Although gender diversity has been a hot topic in the workplace and a corporate priority for many years, women participation in the labour market has not significantly increased. The same can also be said about women inclusion in formal economic activities. In Zimbabwe, a study entitled Gender Access to Financial Services in Zimbabwe was commissioned by an organisation called New Faces New Voices which is a Pan African advocacy network together with the Central Bank and GIZ substantiated the sentiments above. The main objective of the study was to provide an in-depth analysis that would support the formulation of policies and private sector strategies to expand the role and participation of women in the financial services sector. Empirically, a growing number of countries are adopting measures to increase women ‘s representation on corporate Boards and in senior executive roles, however, the progress has been slow. In Zimbabwe, we now have a National Financial Inclusion Strategy (NFIS) running from 2016-2020 that came after the realisation of the above and the need to achieving gender parity in leadership roles in the economy. Additionally, research has also shown that there is a strong economic rationale for making progress on women representation in the corporate domain.
It’s clear that the stage has been set and it is now time for the business leadership to start implementing such best practices in organisations. The question to us leaders is: what are we doing in our various corporate worlds to make sure women inclusion as a means to the desired end is mainstreamed in all organisational policies, practices and systems. While a lot seems to be happening globally and specifically in the Financial sector in Zimbabwe, what have the other sectors done to demonstrate their conviction on the need to increase the women representation on corporate Boards and senior Executive roles?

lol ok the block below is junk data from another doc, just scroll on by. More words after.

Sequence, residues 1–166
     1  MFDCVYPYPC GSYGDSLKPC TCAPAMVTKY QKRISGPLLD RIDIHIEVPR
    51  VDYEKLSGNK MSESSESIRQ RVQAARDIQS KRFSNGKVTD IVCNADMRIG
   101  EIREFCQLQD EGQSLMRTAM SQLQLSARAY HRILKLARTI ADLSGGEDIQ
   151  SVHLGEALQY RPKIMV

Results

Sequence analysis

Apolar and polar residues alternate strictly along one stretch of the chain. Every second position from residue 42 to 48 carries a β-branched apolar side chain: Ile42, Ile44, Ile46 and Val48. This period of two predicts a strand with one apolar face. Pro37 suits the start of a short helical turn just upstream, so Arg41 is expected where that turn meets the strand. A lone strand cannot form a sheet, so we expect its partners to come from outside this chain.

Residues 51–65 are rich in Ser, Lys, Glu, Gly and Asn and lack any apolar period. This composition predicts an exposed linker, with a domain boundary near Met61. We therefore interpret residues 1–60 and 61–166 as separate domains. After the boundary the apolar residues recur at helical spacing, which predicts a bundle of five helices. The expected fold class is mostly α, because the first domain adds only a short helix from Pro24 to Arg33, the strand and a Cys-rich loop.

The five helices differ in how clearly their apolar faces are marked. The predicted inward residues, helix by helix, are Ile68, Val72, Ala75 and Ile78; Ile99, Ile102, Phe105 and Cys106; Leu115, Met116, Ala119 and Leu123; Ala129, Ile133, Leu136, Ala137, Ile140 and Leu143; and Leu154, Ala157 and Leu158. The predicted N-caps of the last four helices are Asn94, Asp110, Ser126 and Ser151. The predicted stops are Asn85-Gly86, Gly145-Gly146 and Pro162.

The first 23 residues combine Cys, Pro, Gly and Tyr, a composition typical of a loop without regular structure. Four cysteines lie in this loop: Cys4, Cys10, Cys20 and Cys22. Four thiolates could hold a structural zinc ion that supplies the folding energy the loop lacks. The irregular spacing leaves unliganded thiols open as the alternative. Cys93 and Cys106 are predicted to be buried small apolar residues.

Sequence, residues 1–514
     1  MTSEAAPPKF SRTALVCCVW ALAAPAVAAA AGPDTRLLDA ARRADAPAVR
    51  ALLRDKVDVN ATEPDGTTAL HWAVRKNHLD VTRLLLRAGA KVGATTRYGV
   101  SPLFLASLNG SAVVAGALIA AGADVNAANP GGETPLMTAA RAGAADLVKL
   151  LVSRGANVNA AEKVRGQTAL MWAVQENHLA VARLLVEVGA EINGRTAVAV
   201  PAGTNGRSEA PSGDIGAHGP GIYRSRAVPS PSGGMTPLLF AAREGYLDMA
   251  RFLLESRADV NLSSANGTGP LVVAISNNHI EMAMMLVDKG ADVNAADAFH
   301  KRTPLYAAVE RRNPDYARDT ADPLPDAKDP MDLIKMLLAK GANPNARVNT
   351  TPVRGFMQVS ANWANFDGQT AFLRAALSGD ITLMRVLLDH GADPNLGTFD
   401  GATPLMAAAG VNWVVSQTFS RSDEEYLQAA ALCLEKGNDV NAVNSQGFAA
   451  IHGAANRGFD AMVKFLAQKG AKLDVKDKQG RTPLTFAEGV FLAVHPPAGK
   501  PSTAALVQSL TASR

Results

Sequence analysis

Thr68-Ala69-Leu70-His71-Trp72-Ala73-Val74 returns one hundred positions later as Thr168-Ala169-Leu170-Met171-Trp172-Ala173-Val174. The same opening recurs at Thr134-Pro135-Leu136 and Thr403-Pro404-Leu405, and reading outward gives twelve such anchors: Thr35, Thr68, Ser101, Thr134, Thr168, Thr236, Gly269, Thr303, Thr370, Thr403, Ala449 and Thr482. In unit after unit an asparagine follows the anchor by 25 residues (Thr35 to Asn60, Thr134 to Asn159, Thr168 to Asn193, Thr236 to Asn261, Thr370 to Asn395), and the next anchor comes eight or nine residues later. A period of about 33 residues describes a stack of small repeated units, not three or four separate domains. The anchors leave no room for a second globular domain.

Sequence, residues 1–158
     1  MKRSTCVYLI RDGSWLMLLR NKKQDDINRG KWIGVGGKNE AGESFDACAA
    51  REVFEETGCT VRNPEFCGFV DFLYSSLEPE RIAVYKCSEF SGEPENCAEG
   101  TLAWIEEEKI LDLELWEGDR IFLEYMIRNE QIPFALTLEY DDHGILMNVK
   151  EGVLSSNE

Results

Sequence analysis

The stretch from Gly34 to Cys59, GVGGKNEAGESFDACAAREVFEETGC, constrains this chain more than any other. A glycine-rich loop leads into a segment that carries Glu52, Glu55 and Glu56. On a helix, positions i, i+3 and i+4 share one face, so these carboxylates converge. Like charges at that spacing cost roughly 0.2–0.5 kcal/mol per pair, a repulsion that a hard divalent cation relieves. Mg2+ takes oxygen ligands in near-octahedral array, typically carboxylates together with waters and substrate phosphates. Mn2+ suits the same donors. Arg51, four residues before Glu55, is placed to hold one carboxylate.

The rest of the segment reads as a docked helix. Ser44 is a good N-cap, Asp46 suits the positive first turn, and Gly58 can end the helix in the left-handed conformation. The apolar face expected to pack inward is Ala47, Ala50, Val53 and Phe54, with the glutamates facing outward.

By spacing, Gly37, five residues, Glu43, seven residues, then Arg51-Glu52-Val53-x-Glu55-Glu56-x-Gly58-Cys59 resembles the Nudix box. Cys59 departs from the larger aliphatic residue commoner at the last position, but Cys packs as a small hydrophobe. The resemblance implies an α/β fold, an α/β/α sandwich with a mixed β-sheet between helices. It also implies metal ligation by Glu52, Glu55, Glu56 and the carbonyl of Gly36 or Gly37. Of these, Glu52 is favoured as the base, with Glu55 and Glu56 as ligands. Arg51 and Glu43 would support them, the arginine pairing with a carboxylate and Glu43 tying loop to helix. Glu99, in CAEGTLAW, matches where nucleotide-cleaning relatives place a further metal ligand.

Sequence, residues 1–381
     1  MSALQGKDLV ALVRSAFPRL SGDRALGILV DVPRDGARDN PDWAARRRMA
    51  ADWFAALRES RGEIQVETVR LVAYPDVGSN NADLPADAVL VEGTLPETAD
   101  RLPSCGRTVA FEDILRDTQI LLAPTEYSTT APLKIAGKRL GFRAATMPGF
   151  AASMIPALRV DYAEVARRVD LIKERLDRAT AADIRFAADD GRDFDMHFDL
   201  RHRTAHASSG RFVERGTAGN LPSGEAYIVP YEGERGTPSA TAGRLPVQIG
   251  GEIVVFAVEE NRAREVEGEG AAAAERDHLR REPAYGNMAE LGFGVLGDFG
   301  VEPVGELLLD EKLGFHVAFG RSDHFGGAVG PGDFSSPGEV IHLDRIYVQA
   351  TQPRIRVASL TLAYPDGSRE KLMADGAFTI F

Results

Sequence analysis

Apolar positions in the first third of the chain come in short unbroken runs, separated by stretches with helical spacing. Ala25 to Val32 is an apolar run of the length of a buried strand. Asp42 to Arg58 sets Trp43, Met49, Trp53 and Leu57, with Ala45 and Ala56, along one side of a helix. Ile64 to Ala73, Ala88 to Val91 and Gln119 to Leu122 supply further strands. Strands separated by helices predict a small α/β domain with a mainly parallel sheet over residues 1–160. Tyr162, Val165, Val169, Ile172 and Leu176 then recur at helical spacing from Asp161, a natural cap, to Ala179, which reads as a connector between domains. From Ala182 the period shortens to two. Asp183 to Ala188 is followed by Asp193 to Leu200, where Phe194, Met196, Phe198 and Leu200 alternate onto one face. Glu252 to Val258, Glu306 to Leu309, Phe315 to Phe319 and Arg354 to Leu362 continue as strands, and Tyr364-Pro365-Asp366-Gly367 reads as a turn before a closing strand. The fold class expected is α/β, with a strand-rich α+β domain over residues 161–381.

In order that organisations do not continually lag behind and miss that turning point to change, we recommend that corporates should individually start critically analysing those economic and social drivers around women inclusion that increase shareholders returns. There are propositions around gender staffing as some of the means to the end. However, as leaders we also need to note that such policies and practices can only yield the desired results if there is the supporting infrastructure like an organisational culture of inclusion. We recommend that the HR functions should start identifying those underlying models of the company’s way of doing business that focuses on women as the drivers to real change. Organisations should start analysing how many female vis a vis male employees are in their staff compliments. Finally, for this inclusion agenda to succeed there is need for shared values.
Leaders should bear in mind that organisational culture of inclusion will encompass more than having policies but actual processes and governance systems that provide and implement this diversity. Again, it is that time for our organisational HR policies and practices to practically start promoting this gender equality at different levels in the organisation including means to moving into managerial positions by women. Globally, organisations working towards this drive are already implementing the supporting interventions although the lead has been mostly in the Developmental and Financial sectors.
It’s now topical that every sector of the economy must work on challenging social norms, attitudes, beliefs and behaviours that perpetuate gender inequalities. Overview, however, is that there is no panacea to this women inclusion agenda. Each organisation therefore needs to develop its internal gender inclusive policies particularly those that enhance staff performance or enable the opening of new business markets. Such gender inclusive organisational policies should be built into the specific gender needs and objectives of your organisations.